1 1/3 cups (300 grams) water
Extra Virgin olive oil for pan

In a bowl, stir together the flour, yeast, salt and sugar. Add the water, and using a spoon, your hand, or a baker's plastic bench scraper, mix together until blended -- about a minute (Jim says 30 seconds but mine took a bit longer). You don't want to mix or knead this dough too much, or else the gluten will develop and you won't be able to shape it in the pan. But you want to mix in all the lumps of flour. In the end, you'll arrive at a stiff dough.

Cover the dough and let rise at room temperature for about 2 hours. (If your room is cold, put it in the oven with a pilot light to warm up a bit, or in a closed cabinet).

Dump out the dough on a lightly floured surface and cut it in half. Use both pieces, or save one in the refrigerator (I use a zip lock bag) for up to 1 day. Oil a 13x18 inch rimmed baking sheet liberally with good extra virgin olive oil (yes, pour it on). Then gently plop the dough on the pan and stretch and press it out to the edges. If it springs back (that's the gluten working) wait five minutes and then proceed. I found the gluten weak enough to spread it fully over the pan. The dough is very thin. If it tears, piece it back together.

Lahey has a few basic toppings in his book, such as pizza pomodoro (tomato sauce), pizza funghi (mushroom), and pizza cavolfiore (cauliflower), but I zoomed in on his pizza patate (potato). This might sound like a carbo-loading dream, but remember the crust is thin, so you're not stuffing yourself with dough.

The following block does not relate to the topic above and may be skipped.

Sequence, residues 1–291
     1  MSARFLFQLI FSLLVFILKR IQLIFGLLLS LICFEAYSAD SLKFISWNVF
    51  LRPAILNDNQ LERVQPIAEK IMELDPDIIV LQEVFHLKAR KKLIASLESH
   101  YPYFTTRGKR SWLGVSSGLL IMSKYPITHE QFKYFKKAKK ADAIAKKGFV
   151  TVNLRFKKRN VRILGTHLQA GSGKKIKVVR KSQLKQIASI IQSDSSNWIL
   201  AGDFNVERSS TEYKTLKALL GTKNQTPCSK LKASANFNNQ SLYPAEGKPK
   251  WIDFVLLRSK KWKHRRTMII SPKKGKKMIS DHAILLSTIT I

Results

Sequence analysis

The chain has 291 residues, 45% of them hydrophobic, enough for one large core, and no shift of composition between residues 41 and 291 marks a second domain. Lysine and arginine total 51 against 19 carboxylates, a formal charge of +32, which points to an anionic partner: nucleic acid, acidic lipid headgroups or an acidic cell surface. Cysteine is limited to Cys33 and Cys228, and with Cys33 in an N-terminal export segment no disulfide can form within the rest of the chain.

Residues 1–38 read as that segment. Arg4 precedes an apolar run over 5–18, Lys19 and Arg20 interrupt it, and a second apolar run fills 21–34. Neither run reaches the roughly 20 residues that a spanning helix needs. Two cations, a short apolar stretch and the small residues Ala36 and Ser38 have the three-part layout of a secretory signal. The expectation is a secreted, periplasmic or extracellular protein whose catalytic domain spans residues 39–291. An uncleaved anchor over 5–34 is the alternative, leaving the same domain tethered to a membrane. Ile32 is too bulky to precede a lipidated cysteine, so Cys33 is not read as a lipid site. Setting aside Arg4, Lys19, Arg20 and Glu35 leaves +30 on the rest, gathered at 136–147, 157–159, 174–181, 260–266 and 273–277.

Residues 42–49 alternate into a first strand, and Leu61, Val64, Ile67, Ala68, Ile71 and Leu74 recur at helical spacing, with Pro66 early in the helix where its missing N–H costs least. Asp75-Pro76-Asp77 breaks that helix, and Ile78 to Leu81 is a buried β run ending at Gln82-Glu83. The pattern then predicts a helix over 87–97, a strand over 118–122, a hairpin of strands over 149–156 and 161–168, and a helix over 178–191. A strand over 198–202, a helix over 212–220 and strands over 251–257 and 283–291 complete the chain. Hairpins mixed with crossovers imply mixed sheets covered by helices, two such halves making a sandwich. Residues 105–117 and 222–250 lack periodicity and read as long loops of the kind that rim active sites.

Pizza Patate

As Jim writes, "Potato pizza is another Italian classic you don't see very often in the United States. While my rendition is pretty traditional, I soak the potatoes in salted water first, which actually extracts about 20 percent of their moisture. That causes them to cook more quickly and makes them firmer. It's a little trick I learned from cooking potato pancakes."

YIELD: One 13-by-18-inch pie; 8 slices 

EQUIPMENT: A mandoline

1 quart (800 grams) lukewarm water 
4 teaspoons (24 grams) table salt 
6 to 8 (1 kilo) Yukon Gold potatoes, peeled 
1 cup (100 grams) diced yellow onion 
1/2 teaspoon (2 grams) freshly ground black pepper 
About 1⁄2 cup (80 grams) extra virgin olive oil 
1/2 recipe (400 grams) Basic Pizza Dough 
About 1 tablespoon (2 grams) fresh rosemary leaves

Preheat the oven to 500 F (260 C) with a rack in the middle

In a medium bowl, combine the water and salt, stirring until the salt is dissolved. Use a knife or mandoline to slice the peeled potatoes very thin (1/16th inch thick), and put the slices directly into the salted water so they don’t oxidize and turn brown. Let soak in the brine for 1-1/2 hour (or refrigerate and soak for up to 12 hours), until the slices are wilted and no longer crisp. (Note: I cut the soaking time to 30 minutes and the results were still good.)

Drain the potatoes in a colander and use your hands to press out as much water as possible, then pat dry. In a medium bowl, toss together the potato slices, onion, pepper, and olive oil.

Spread the potato mixture evenly over the dough, going all the way to the edges of the pan; put a bit more of the topping around the edges of the pie, as the outside tends to cook more quickly. Sprinkle evenly with the rosemary. (Note: I left it out in the version pictured above, but feel it's better with it). 

Bake for 30 to 35 minutes, until the topping is starting to turn golden brown and the crust is pulling away from the sides of the pan. Serve the pizza hot or at room temperature.

Variation • Pizza Batata (Sweet Potato Pizza)

Substitute 2 sweet potatoes (800 grams), peeled, for the Yukon Gold potatoes, and use about 4 cups (about 900 grams) water and 24 grams (4 teaspoons) salt for the soaking liquid. Omit the rosemary in the topping.

(I originally posted this on ChewsWise)

Doc Tracy's picture
Doc Tracy